Rather than enjoying her wealth and success, she constantly felt worthless and inadequate, prompting psychotherapy that delved as far back as childhood to come to terms with her feelings. Understanding that other people must be sharing her insecurities, Janet poured her findings into her most personal LP.

Encompassing hip-hop, R&B, jazz, trip-hop, dance and electro, The Velvet Rope covers a myriad of subjects from the scathing self-analysis of You, the self-affirming Special and vitriolic What About, which tackles the horrors of domestic violence while Empty predicts the hollowness of social media. Go Deep, despite the title, has nothing to do with  therapy, and is the album’s most feelgood moment along with Together Again, an uplifting homage to Janet’s friends lost to AIDS.

Sexuality is also a central theme of much of the record, be it subtle (a cover of Rod Stewart’s Tonight’s The Night maintains the gender of the original and is sung to a woman), blatant (Rope Burn which is an ode to sado-masochism) or righteous (Free Xone denounces homophobia). Other high points include the sleek Joni Mitchell-sampling Got ‘Til It’s Gone, the synth-infused swingbeat of the title track and sublime R&B balladry of I Get Lonely.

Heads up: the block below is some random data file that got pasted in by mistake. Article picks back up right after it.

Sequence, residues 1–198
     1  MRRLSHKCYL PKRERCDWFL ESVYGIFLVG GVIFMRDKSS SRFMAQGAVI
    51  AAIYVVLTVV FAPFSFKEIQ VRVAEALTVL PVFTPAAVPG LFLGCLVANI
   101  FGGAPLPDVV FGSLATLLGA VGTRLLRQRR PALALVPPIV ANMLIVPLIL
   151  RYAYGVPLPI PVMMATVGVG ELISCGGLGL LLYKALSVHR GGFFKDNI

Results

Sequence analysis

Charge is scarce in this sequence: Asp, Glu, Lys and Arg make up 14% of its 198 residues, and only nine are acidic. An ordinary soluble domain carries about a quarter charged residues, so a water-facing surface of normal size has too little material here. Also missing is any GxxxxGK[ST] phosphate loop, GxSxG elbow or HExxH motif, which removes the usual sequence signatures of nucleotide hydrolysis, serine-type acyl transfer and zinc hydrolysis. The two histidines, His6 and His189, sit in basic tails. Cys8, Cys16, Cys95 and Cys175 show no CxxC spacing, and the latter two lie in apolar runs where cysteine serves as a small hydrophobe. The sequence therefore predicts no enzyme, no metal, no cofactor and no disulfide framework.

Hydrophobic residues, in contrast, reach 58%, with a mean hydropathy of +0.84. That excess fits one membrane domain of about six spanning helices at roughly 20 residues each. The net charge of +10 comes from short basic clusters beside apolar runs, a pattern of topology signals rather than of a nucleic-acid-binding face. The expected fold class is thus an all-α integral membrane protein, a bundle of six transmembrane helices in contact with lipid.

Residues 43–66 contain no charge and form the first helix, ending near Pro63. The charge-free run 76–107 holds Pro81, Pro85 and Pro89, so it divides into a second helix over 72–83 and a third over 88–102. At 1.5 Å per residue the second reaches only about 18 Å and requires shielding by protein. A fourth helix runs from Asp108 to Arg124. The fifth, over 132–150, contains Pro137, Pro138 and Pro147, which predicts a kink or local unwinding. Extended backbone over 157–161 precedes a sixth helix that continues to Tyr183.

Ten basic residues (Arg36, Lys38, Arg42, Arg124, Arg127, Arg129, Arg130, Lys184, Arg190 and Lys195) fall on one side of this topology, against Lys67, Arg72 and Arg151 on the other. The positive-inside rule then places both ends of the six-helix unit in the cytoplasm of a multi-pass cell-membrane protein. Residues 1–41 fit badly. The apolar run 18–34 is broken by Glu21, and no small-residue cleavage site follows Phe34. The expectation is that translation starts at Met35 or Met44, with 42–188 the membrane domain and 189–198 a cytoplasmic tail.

Although it didn’t sell as well as its predecessors – though eight million copies is an impressive result – The Velvet Rope is in many respects Janet’s masterpiece and its influence on sub-genres including neo-soul and alt-R&B is undeniable. 

All For You
Released 2001
Label Virgin
Chart Positions
US No.1 UK No.2

All For You
Janet Jackson albums – All For You

Having offloaded some emotional baggage on The Velvet Rope and divorced her secret husband of nine years, René, the new millennium saw Janet in a positive frame of mind. She was excited to be single and dating for the first time, something she wanted to reflect in the fun, carefree stylings of 2001’s All For You. 

This forward-looking optimism informs a suite of feelgood songs which are the beating heart of the album, including the title track, America-sampling Someone To Call My Lover, house-inflected Come On Get Up and Doesn’t Really Matter.